A selective endothelin-receptor antagonist to reduce blood pressure in patients with treatment-resistant hypertension: a randomised, double-blind, placebo-controlled trial.

State University of New York, Downstate College of Medicine, New York, NY 11203, USA.
The Lancet (Impact Factor: 45.22). 09/2009; 374(9699):1423-31. DOI: 10.1016/S0140-6736(09)61500-2
Source: PubMed

ABSTRACT Hypertension cannot always be adequately controlled with available drugs. We investigated the blood-pressure-lowering effects of the new vasodilatory, selective endothelin type A antagonist, darusentan, in patients with treatment-resistant hypertension.
This randomised, double-blind study was undertaken in 117 sites in North and South America, Europe, New Zealand, and Australia. 379 patients with systolic blood pressure of 140 mm Hg or more (>/=130 mm Hg if patient had diabetes or chronic kidney disease) who were receiving at least three blood-pressure-lowering drugs, including a diuretic, at full or maximum tolerated doses were randomly assigned to 14 weeks' treatment with placebo (n=132) or darusentan 50 mg (n=81), 100 mg (n=81), or 300 mg (n=85) taken once daily. Randomisation was made centrally via an automated telephone system, and patients and all investigators were masked to treatment assignments. The primary endpoints were changes in sitting systolic and diastolic blood pressures. Analysis was by intention to treat. The study is registered with, number NCT00330369.
All randomly assigned participants were analysed. The mean reductions in clinic systolic and diastolic blood pressures were 9/5 mm Hg (SD 14/8) with placebo, 17/10 mm Hg (15/9) with darusentan 50 mg, 18/10 mm Hg (16/9) with darusentan 100 mg, and 18/11 mm Hg (18/10) with darusentan 300 mg (p<0.0001 for all effects). The main adverse effects were related to fluid accumulation. Oedema or fluid retention occurred in 67 (27%) patients given darusentan compared with 19 (14%) given placebo. One patient in the placebo group died (sudden cardiac death), and five patients in the three darusentan dose groups combined had cardiac-related serious adverse events.
Darusentan provides additional reduction in blood pressure in patients who have not attained their treatment goals with three or more antihypertensive drugs. As with other vasodilatory drugs, fluid management with effective diuretic therapy might be needed.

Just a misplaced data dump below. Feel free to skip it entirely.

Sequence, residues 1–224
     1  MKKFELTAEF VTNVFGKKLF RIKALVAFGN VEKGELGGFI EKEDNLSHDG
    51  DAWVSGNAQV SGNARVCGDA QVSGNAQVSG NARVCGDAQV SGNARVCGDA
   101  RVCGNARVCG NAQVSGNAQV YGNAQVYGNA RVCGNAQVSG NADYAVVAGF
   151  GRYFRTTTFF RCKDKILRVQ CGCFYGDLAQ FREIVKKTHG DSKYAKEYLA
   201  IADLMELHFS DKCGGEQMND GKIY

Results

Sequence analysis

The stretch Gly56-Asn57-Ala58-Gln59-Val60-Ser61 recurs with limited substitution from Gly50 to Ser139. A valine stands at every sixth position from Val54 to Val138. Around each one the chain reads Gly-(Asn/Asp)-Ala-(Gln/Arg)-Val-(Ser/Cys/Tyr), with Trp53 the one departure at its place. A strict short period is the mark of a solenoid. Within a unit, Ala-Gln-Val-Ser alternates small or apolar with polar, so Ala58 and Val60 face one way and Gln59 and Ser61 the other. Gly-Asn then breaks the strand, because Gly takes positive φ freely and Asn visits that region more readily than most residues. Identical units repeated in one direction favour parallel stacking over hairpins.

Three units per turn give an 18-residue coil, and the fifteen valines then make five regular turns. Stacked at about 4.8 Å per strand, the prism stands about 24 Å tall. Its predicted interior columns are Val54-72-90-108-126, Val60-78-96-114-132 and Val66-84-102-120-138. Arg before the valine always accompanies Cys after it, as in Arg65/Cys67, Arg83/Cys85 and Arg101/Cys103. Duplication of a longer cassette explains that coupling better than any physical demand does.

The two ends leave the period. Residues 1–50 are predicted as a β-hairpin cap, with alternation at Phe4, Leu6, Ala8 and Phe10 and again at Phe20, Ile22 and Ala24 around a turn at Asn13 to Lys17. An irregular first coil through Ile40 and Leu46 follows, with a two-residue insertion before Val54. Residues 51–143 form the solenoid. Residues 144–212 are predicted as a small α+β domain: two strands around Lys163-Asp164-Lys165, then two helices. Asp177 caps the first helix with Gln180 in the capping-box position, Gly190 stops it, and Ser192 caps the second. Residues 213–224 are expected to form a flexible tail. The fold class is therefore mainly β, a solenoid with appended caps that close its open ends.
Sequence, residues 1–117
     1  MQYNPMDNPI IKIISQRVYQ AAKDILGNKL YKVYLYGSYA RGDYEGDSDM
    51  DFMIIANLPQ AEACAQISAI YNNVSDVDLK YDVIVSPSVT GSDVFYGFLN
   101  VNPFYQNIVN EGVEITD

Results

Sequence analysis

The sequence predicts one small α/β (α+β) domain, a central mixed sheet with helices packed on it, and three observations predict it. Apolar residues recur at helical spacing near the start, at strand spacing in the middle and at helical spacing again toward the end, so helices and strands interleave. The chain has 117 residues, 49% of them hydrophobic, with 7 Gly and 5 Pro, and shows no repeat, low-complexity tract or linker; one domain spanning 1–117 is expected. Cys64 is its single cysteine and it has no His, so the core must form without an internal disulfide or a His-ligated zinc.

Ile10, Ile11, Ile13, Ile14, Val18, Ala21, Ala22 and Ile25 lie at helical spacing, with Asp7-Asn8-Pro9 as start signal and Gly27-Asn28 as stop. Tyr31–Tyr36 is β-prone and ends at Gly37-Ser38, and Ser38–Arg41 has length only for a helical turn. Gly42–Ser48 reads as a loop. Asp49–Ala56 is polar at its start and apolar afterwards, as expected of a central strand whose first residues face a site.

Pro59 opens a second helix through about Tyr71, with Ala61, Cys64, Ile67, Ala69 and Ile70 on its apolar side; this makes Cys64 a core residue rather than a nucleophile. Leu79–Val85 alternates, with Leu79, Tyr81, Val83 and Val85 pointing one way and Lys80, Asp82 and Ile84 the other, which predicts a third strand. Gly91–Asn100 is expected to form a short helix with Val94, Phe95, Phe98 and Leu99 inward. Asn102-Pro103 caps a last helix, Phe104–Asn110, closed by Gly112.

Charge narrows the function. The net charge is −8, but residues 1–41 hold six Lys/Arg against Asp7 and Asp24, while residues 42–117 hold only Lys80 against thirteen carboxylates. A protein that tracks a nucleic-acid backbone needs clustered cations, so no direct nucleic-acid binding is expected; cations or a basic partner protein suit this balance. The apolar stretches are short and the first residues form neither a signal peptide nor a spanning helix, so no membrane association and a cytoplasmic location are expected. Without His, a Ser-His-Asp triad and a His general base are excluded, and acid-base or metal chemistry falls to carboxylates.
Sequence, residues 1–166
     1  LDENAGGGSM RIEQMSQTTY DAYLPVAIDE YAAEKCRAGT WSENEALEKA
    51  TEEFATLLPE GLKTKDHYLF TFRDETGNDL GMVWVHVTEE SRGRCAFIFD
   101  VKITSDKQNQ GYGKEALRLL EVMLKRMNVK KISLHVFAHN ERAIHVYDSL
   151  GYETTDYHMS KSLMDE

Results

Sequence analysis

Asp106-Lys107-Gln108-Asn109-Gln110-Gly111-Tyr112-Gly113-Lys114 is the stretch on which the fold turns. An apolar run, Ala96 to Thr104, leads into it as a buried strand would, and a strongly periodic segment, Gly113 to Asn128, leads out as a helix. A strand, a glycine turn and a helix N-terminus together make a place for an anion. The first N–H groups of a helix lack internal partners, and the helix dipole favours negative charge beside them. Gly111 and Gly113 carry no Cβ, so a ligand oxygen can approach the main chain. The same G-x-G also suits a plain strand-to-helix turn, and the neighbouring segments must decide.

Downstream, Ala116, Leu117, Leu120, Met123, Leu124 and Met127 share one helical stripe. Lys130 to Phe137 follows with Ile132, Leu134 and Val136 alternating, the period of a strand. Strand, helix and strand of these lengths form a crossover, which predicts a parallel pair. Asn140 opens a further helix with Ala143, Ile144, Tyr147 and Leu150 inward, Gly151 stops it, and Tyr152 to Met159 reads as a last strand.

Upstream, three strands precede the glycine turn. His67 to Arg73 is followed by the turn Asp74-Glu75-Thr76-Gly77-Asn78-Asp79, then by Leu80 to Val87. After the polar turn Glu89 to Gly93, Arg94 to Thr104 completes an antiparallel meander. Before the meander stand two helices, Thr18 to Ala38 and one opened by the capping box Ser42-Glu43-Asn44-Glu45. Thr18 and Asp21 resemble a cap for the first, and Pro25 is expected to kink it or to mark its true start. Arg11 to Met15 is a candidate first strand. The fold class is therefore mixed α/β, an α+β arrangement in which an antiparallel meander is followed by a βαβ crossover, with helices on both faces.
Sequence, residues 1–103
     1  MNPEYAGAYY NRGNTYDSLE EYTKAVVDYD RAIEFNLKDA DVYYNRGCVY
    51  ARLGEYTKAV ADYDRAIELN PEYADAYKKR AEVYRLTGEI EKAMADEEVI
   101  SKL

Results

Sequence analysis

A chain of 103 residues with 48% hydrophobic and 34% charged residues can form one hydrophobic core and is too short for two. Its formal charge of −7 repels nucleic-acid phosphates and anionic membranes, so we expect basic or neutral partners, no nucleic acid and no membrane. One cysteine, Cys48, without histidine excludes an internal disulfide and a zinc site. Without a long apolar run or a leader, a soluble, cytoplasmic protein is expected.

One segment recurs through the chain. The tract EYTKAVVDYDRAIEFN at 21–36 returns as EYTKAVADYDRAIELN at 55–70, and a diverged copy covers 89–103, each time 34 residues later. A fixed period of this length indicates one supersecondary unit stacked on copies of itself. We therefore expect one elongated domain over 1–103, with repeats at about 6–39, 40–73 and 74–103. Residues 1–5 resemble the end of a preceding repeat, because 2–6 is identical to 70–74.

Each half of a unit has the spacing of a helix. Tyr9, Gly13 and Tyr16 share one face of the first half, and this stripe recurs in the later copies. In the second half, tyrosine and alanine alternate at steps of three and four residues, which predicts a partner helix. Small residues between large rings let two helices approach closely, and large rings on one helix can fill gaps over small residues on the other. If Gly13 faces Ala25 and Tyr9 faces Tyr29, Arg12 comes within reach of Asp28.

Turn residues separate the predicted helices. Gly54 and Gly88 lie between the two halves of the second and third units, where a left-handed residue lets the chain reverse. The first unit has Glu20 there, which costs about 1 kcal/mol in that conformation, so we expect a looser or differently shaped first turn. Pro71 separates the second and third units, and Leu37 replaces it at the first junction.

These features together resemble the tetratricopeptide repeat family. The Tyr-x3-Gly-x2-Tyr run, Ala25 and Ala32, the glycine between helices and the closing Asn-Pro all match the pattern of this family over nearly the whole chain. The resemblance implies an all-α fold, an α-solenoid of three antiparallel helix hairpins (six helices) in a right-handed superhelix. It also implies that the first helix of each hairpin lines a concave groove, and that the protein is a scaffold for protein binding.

Gilead Sciences.

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Available from: George Bakris, Apr 25, 2015
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    • "In recent years, considerable attention has been paid to the possibility of using this class of drugs for the treatment of resistant hypertension and diabetic nephropathy. The ET A -selective antagonist, darusentan, has been studied in a series of phase 2 and phase 3 clinical trials for blood pressure lowering in patients with resistant hypertension (Weber et al., 2009; Bakris et al., 2010). Ambrisentan significantly reduced ambulatory blood pressure in subjects already being treated with an average of five distinct antihypertensive medications. "
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    ABSTRACT: Experiments determined whether the combination of ETA receptor antagonist (ABT-627, atrasentan) and a thiazide diuretic (chlorthalidone) would be more effective at lowering blood pressure and reducing renal injury in a rodent model of metabolic syndrome (metS) compared to either treatment alone. Male Dahl salt sensitive rats were fed a high fat (36% fat) high salt (4% NaCl) (HF/HS) diet for four weeks. Separate groups of rats were then treated with vehicle (control), ABT-627 (ABT; 5 mg/kg/day, in drinking water), chlorthalidone (CLTD; 5 mg/kg/day, in drinking water), or both ABT plus CLTD. Mean arterial pressure (MAP) was recorded continuously by telemetry. After 4 weeks, both ABT and CLTD severely attenuated the development of hypertension, while the combination further reduced MAP compared to ABT alone. All treatments prevented the proteinuria. CLTD and ABT+CLTD significantly reduced nephrin (a podocyte injury marker) and KIM-1 (a tubulointerstitial injury marker) excretion. ABT with or without CLTD, significantly reduced plasma 8-oxo-2'-deoxyguanosine (8-OHdG), a measure of DNA oxidation, while CLTD alone had no effect. All treatments suppressed the number of ED1+ cells (macrophages) in the kidney. Plasma TNF receptor 1 and 2 were reduced only in the combined ABT and CLTD group. These results suggest that ABT and CLTD have antihypertensive and renal protective effects in a model of metabolic syndrome that are more effective when both drugs are administered together. The findings support the hypothesis that combined ETA antagonist and diuretic treatment may provide therapeutic benefit for individuals with metabolic syndrome consuming a Western diet.
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    • "This has been clearly shown by elevated plasma levels of endothelin-1 (ET-1) [8] and plasma renin activity [9] in such subjects. More recently, endothelin receptor blockers have shown to be effective in resistant hypertensives [10]. It is now well established that increased ET-1 activity is one of the contributors for increased incidence of hypertension in diabetics with insulin resistance [11] [12] [13]. "
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    • "Angiotensin I-converting enzyme-neutral endopeptidase (ACE- I/NEP-I) inhibitors such as omapatrilat or samapatrilat delivered a 20/8mmHg (15%) reduction[24] but caused angioedema and were discontinued. The endothelin-I antagonist darusentan (LU-135252; HMR-4005) which remains in development reduced blood pressure by an added 18/11mmHg (11%) at a 300mg dose in patients with refractory hypertension in the DORADO study but was associated with high rates (30%) of peripheral oedema [25]. "
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